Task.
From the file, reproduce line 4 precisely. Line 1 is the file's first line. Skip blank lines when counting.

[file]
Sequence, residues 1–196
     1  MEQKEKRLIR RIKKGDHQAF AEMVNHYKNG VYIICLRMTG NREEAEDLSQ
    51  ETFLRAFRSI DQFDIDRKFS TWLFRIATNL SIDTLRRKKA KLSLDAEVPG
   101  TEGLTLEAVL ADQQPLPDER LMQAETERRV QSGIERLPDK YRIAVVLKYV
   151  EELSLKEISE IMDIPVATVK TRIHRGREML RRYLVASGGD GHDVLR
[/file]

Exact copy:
   101  TEGLTLEAVL ADQQPLPDER LMQAETERRV QSGIERLPDK YRIAVVLKYV